Tutorial: Choosing Fabrics to Accent a Bag Design

Lazies, When looking for fabrics to dress my bag designs, I focus on fabrics that will work together as well as compliment the design features of the bag. Sometimes I draw fabrics together from all corners of my stash, other times I find what I need in one fabric collection. I think this ‘Lilliana’ line is perfect for my bag designs because of its combination of colors, prints and scale.

Claire Handbag (LGD125) dressed in ‘Lilliana’ by Gail Kessler for Andover Fabrics.

We first saw this scrumptious Claire Handbag back in October here. The main gold fabric has a medium scale flower. As it’s used on this bag, the size of the flower is large enough that we can’t see the whole pattern, but small enough to give you an idea of the flower/stem/leaves. We know what the design is, but we want to see the rest of it. The partial flowers invite your eye around the bag. The medium flower is a vastly different scale than the smaller plaid. Where the two fabric abut creates interest due in part to the difference in the scale.

Next, we have a smaller scale flower for the lining. The two fabrics compliment each other nicely. The light gray of the lining is a crisp and cheery invitation to the inside of the bag. The plaid? Well, what can I say – I’m in love. The plaid, set on a white background, is a smaller scale than both florals. It incorporates the colors of the lining and cover.

We have four colors working together in this fabric collection: black, gray, white, yellow. Three of the main fabrics used in this project have all four colors in them, but each uses a different color for the background. Each of the main fabrics is anchored in a different color. The plaid has a white background. The medium floral is yellow and the lining is gray. Imagine how different the project would look if the lining had a yellow background. The lining of the bag would be lost against the yellow and white fabrics from the cover. Our eye would roll from the outside to the inside with a murky transition, rather than a crisp one.

Accent Color
Black is our accent color, anchoring the entire project. Without the black, the bag might seem ‘light’. Go ahead and cover the black with your hand and see what you think. Adding the black pocket front and center visually pulls the bits of black together in the other fabrics.

Defining the Design
Using fabrics that compliment and contrast help to strengthen the design lines of the bag. The angled seams of the center panel are easy to distinguish because of the fabrics used. Locating the top of the pocket is easy because the black is in stark contrast to the fabric underneath it. The handles flow smoothly from the top edge of the bag because we used the same fabric where it connects to the bag.

Lilliana is a good fit for my designs due to its combination of different scales and colors, which tie the project together quite nicely.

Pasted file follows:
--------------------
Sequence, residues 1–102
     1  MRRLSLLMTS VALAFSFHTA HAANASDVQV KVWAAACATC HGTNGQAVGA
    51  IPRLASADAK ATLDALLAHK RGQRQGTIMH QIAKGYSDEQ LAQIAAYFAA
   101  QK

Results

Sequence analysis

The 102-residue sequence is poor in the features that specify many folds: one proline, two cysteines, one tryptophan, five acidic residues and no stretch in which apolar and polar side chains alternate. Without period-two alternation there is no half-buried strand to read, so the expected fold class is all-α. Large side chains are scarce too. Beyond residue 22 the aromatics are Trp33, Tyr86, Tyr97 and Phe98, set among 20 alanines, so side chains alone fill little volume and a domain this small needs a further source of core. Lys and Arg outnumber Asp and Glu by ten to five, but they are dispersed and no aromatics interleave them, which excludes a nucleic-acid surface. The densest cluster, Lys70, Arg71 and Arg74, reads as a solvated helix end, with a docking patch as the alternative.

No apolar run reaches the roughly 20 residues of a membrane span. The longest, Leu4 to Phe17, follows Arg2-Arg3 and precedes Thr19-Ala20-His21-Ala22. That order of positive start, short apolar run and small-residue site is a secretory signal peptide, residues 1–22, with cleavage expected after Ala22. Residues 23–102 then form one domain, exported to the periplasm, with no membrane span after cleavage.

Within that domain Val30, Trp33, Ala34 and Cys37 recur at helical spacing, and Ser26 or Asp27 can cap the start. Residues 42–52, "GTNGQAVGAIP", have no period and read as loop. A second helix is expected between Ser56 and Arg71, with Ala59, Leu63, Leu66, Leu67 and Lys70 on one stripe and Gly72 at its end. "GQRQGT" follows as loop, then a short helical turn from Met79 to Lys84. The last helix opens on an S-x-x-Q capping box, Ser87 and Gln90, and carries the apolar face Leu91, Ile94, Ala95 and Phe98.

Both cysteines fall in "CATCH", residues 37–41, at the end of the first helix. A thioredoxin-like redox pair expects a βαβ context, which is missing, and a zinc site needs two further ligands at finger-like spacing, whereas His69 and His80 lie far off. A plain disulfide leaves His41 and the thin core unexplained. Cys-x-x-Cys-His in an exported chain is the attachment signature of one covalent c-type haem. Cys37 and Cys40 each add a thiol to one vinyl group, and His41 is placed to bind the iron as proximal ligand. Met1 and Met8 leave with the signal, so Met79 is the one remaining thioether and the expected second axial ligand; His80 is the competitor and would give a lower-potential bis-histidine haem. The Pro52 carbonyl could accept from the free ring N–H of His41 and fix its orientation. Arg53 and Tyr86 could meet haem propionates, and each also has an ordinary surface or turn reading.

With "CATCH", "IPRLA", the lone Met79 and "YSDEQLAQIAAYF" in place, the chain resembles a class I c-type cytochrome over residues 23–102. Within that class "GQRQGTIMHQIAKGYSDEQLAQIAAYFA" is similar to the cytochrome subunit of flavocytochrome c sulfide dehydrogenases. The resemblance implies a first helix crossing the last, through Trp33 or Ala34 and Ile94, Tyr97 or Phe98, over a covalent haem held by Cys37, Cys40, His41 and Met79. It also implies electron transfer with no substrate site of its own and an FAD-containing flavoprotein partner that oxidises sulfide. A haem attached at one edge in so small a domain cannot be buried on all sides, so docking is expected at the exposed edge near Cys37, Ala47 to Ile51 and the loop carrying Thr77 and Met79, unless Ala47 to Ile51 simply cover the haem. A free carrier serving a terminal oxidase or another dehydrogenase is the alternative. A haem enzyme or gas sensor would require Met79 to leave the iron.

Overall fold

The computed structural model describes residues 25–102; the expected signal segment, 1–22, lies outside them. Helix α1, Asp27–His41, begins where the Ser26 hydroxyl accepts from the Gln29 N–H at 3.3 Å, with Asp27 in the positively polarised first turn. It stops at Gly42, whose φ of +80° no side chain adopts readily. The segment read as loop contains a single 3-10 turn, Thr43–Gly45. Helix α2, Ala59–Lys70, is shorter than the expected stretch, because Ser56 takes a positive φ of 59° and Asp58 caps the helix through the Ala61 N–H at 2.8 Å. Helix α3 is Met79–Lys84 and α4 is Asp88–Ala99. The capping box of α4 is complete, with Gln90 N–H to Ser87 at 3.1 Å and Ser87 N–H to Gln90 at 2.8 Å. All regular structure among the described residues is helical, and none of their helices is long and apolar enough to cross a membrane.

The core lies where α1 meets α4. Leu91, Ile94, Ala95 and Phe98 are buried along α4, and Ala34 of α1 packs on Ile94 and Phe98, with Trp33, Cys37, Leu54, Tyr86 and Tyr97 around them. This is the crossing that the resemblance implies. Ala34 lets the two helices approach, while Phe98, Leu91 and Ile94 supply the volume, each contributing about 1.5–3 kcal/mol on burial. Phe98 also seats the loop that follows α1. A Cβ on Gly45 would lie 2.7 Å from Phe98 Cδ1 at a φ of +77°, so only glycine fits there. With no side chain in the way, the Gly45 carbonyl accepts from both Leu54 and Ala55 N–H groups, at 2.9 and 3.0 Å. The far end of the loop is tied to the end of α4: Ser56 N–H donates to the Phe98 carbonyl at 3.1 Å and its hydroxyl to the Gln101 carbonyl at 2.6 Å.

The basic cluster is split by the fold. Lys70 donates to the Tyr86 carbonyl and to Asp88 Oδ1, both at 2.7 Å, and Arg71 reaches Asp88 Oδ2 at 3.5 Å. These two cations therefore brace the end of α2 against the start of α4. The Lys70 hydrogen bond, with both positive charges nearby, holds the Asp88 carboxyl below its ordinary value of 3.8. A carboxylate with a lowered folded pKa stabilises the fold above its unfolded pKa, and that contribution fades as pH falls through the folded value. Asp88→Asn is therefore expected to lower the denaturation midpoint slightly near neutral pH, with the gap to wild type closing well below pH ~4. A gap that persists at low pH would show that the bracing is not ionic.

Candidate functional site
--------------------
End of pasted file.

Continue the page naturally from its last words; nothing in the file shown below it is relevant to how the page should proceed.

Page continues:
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9 Responses to “Tutorial: Choosing Fabrics to Accent a Bag Design”

  1. Sheryl — February 8, 2010 @ 8:39 am

    What do you use for “filler/batting” to make your bags look so stiff and hold up so well?

    • Joan Hawley replied: — February 8th, 2010 @ 8:48 am

      Hi Sheryl, From Pellon, I like Decor Bond fusible interfacing item # 809 and Fusible Fleece for batting item # 987F. From Bosal (bah-zle), I like their Fusible Batting item #325 and Fusible All Purpose Non Woven Interfacing, item # 334. Joan

  2. Jeannie — February 8, 2010 @ 9:02 am

    Perfect fabric for that bag. I like how it keeps the eye focused. You’re not looking every which way!

  3. Debbie — February 8, 2010 @ 9:12 am

    you are a champion at the color selection

  4. Carol — February 8, 2010 @ 9:48 pm

    The lining of my handbags are never smooth and taught inside like the beautiful bag that was displayed on your website dated February 8, 2010. ( The handbag with the georeous combination of yellow and black fabrics) The interior fabric is smooth and tight and the interior seams seem to be aligned with the exterior seams. My exterior and interior side seams match nicely at the top because I stitch around the top perimeter of the bag but the rest looks messy sometimes. Please help and share some hints with me!! Thanks, Carol

  5. Donna — February 10, 2010 @ 2:55 pm

    I’m with Carol, ’cause my bags come out loose on the inside too. Can anyone give us a tip on how to avoid that problem? Joan’s bags always come out looking taut on the inside, so together. I want that for my bags too.

  6. nancyrmathews — February 19, 2010 @ 9:04 pm

    How do I get this pattern ?

  7. margaret brown — February 20, 2010 @ 6:44 pm

    where can your patterns be purchased

  8. Janice Christopherson — March 1, 2010 @ 12:58 pm

    Do you machine stitch the bags button on all the way through the fusible velcro?